There are many proofs of this that can be referred to. I gave you one in the same letter:
”In December 2008 I was invited to THE FIRST INTERNATIONAL HILLARP AMINE CONFERENCE at the Karolinska Institute in Stockholm. Remarkably, mine and Torps paper was not mentioned in the invitation notice. I wrote to the arrangers and called attention to this. The lectures were published in a special issue of Progress in Neurobiology and in the Introduction they (Ann-Charlotte Granholm, Lana Skirboll, Marianne Schultzberg; Chemical signaling in the nervous system in health and disease: Nils-Åke Hillarp’s legacy. Progress in Neurobiology 2010, 90, 71-74) described the development of the fluorescence method with the following words (page 73):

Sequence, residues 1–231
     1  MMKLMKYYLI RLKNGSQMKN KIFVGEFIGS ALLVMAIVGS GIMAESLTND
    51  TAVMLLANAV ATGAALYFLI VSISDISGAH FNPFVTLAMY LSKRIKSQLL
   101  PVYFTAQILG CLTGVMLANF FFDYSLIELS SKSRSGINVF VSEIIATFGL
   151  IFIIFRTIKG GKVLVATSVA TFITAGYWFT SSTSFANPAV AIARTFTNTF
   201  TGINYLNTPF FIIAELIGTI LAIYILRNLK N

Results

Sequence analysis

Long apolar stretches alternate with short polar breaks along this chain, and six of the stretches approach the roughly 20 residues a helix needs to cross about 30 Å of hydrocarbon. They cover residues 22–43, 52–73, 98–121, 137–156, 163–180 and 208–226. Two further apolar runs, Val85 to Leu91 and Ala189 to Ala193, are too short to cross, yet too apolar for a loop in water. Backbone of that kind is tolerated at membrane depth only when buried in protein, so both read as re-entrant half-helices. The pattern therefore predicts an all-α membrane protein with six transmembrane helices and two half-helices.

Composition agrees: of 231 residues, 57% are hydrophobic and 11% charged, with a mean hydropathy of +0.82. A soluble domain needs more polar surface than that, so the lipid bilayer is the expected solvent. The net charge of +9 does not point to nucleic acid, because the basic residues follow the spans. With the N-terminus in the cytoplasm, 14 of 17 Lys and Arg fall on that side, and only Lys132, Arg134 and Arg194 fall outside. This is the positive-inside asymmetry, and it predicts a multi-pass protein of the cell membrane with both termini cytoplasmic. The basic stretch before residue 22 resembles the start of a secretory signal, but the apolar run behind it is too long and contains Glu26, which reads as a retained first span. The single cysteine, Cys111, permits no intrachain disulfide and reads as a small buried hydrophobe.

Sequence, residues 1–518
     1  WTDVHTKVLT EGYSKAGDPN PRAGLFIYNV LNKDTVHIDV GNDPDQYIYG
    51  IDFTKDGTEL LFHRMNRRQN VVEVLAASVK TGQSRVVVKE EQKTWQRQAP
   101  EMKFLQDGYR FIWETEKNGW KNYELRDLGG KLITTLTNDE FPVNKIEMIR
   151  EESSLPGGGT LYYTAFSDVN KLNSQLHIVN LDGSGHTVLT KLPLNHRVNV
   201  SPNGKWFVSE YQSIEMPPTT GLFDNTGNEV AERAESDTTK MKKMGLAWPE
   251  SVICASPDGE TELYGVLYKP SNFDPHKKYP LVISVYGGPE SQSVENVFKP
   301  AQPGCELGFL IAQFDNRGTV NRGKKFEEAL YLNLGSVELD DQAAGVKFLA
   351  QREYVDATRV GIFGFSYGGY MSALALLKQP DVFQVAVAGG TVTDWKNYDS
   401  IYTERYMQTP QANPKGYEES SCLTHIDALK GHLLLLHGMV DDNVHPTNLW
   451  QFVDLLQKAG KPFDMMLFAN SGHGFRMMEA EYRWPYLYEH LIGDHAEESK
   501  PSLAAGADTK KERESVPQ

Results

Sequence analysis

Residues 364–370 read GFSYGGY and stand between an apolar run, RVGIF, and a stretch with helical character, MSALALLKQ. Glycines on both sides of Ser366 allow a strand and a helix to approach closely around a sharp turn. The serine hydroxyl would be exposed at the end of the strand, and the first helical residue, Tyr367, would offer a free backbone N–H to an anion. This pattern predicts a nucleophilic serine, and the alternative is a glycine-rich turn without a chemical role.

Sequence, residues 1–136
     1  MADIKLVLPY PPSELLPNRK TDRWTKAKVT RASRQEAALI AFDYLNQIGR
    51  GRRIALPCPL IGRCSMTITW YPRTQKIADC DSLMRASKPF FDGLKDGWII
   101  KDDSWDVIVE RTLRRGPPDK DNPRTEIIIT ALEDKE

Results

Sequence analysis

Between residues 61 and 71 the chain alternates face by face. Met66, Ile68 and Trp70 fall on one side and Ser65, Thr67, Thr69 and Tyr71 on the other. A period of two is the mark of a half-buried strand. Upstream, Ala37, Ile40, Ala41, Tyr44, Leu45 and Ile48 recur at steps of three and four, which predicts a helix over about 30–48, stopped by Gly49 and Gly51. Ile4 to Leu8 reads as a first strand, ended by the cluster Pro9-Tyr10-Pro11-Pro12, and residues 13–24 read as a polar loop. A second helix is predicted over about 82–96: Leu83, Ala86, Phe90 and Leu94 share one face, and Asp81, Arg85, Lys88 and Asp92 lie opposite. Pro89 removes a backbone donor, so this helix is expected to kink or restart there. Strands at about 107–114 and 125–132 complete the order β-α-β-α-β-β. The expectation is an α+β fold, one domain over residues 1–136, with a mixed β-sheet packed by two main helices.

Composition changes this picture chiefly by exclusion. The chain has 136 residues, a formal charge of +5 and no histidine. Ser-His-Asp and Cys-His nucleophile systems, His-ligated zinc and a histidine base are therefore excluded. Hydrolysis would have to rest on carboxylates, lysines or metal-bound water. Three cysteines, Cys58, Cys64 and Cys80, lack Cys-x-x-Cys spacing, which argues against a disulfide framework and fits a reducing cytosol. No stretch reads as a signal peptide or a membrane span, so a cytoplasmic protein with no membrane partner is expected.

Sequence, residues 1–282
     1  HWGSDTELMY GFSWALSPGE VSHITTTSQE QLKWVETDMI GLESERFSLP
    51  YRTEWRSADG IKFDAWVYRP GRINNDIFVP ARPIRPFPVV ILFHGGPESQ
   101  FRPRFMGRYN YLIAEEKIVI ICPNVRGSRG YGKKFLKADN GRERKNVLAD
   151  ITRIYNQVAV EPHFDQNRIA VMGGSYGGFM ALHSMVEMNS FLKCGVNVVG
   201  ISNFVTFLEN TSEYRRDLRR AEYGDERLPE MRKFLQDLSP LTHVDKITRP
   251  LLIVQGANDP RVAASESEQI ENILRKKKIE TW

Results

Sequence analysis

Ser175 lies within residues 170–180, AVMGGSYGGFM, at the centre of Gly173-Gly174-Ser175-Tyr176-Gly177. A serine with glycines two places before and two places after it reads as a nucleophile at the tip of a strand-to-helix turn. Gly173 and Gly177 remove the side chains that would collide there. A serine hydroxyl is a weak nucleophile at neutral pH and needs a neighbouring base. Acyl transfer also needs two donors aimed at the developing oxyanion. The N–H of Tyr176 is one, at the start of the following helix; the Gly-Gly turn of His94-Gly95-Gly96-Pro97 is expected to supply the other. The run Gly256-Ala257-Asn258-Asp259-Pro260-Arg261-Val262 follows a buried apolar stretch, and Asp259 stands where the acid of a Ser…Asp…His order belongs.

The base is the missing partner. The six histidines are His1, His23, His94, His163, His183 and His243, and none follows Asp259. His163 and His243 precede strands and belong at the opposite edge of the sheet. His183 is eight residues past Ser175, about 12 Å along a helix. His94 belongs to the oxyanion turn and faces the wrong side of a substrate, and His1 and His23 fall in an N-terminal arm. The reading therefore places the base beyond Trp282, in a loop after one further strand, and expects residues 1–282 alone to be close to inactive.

”An intense research had begun already in 1959 to develop histochemistry of the monoamines, largely headed by Bengt Falck in collaboration with Nils-Ake Hillarp and Arvid Carlsson (see Carlsson et al., 1961, 1962; Falck and Torp, 1962; Falck, 1962). The development of the method in the first set of experiments included freeze-drying of the tissues, exposure to iodine, embedding, and sectioning. These experiments were the forerunners of using dry formaldehyde gas as the reaction agent and were mostly carried out in Falck’s laboratory in Lund, since Arvid Carlsson’s laboratory in Göteborg, where Hillarp was working at the time, did not have the histological equipment for the studies. Hillarp always recognized his collaborators, especially Bengt Falck, for development of this vast and expanding field. In his own words from an expert opinion in 1963 (originally written in Swedish): ”Falck and Torp were the first to be able to demonstrate accumulation of adrenergic transmitters in sympathetic nerve terminals. This has enabled us, for the first time, to directly demonstrate and study the extent and structure of the entire adrenergic innervation apparatus throughout the various tissues and organs of the body. Without any doubt, Falck has hereby delivered the most important contribution to neurohistology since the era of Golgi and Cajal. Additionally, it has now become possible to localize the monoamines in the brain on a cellular level which is of fundamental importance for the understanding of the functions of these amines within the CNS.”